Informative Articles

Heart Vulnerable to State of Mind
By Crystal Phend, , MedPage Today

Easily distressed individuals may be at higher risk of heart disease, a Danish population-based study showed.


People who scored high for "mental vulnerability" were 37% more likely to develop fatal or nonfatal cardiovascular disease during a mean 15 years of follow-up after adjustment for top risk factors, Anders Borglykke, MSc, PhD, of the Research Center for Prevention and Health at Denmark's Glostrup University Hospital, and colleagues found.


Intermediate scores on the scale also significantly raised the risk by 23%, the group reported here at the European Association for Cardiovascular Prevention and Rehabilitation's EuroPRevent meeting.

However, mental vulnerability score added only slightly to a conventional risk stratification model suggesting "little if any role in risk stratification," the researchers concluded.


Mental vulnerability was measured on a 12-item questionnaire asking about physical and psychological symptoms such as frequent loss of appetite, sleeplessness, tiredness, as well as hands that shake easily, being easily bothered by things, feeling misunderstood, and troubling thoughts.


The measure may have been just a surrogate for some factor that has a more direct impact on the heart, Borglykke suggested in an interview.


"We think this is actually a measure for chronic stress," he told MedPage Today. "It correlates very well with stress, and stress is a risk factor for cardiovascular disease."


While the scale is unlikely to make it to the clinic, the results do add to those of prior studies suggesting a negative impact of certain personality types and depression and argue for more awareness of these nontraditional factors in cardiovascular risk assessment, Borglykke said.


His study pooled together data from three Danish population-based prospective cohort studies (Monica I and III and Inter99) for a total of 10,943 cardiovascular disease-free individuals at baseline.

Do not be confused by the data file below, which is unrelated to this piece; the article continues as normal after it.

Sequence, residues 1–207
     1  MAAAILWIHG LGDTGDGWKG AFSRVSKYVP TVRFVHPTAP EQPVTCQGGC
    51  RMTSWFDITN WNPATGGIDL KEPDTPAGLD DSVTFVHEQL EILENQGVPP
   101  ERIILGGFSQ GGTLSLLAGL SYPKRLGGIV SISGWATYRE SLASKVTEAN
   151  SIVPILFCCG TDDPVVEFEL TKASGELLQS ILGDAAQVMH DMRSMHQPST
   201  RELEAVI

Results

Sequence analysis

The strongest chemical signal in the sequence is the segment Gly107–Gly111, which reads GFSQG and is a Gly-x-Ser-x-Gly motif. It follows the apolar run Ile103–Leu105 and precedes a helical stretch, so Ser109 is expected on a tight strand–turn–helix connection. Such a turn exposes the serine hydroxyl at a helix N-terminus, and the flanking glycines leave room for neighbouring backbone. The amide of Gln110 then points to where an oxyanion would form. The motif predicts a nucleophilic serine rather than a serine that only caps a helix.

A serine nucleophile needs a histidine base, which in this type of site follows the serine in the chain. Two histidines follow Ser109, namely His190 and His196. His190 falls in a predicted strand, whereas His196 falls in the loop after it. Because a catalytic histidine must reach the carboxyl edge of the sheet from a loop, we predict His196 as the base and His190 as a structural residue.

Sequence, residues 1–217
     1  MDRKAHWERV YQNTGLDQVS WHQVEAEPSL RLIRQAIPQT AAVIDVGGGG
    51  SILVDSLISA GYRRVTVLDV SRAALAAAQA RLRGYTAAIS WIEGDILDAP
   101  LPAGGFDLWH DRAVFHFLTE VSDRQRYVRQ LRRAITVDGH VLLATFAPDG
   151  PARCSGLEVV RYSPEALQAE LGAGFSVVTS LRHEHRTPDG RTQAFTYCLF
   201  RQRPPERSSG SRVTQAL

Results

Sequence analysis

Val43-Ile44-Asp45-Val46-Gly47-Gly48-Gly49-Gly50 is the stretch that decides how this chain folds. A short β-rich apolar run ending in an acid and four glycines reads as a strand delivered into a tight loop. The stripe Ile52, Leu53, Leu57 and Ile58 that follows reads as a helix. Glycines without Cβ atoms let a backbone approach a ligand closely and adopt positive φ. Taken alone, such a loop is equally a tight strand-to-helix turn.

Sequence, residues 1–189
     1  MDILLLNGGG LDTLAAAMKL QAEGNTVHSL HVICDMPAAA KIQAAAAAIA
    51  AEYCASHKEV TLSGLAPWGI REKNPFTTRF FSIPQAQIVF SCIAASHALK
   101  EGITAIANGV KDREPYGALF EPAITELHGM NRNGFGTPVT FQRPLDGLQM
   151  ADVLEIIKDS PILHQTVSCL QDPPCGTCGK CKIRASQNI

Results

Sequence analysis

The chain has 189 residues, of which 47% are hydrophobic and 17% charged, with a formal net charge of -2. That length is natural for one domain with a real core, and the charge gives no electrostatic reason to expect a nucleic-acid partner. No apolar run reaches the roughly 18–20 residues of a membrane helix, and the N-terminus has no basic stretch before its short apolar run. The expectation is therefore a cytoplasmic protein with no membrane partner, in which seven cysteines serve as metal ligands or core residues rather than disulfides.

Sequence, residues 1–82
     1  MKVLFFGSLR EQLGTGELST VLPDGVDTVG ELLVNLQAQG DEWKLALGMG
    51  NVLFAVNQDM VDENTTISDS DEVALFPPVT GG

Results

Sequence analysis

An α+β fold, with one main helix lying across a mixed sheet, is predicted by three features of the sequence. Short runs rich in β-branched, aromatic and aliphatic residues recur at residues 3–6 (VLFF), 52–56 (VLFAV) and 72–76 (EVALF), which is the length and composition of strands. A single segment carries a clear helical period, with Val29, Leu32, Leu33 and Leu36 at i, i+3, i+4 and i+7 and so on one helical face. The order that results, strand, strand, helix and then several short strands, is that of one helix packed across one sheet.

About one in 10 (21%) scored as at least latently vulnerable, with three or more "yes" answers; 9% were considered vulnerable with five or more of the items reported.


The intermediate group was 17% more likely to have incident fatal or nonfatal cardiovascular disease during the mean 15.2 years of follow-up (hazard ratio 1.17, 95% confidence interval 1.06 to 1.29).

That risk was elevated 29% with a higher mental vulnerability score (95% CI 1.14 to 1.45).


These associations remained significant and actually strengthened to hazard ratios of 1.37 and 1.23, respectively, after controlling for the classic risk factors of age, sex, smoking, systolic blood pressure, and total cholesterol.


Adding mental vulnerability as a factor atop the conventional factors did significantly increase the C-index as a measure of predictive ability but the effect was small and there were small significantly negative effects for the integrated discrimination improvement and net reclassification improvement as well (differences of 0.004, -0.028, and -0.088, respectively).


The scale could still have some clinical utility in patient subgroups, Borglykke told attendees gathered at his poster discussion.



"Perhaps it could play a role if we break our population down in groups, like women or the younger age groups and so on," he said.


Men in the cohorts tended to have lower scores on the scale than women, albeit not a significant difference (P=0.09 for interaction). Higher scores were associated with higher rates of smoking, from 45% among individuals with a score of 2 or less to 49% at 3 to 4 and 57% at 5 or higher.


However, the study left out one of the "famous three confounders -- age, sex, and socioeconomic status," cautioned Simon Capewell, MD, DSc, a public health and policy professor at the University of Liverpool, England, noting the absence of socioeconomic data. Capewell lead the poster discussion.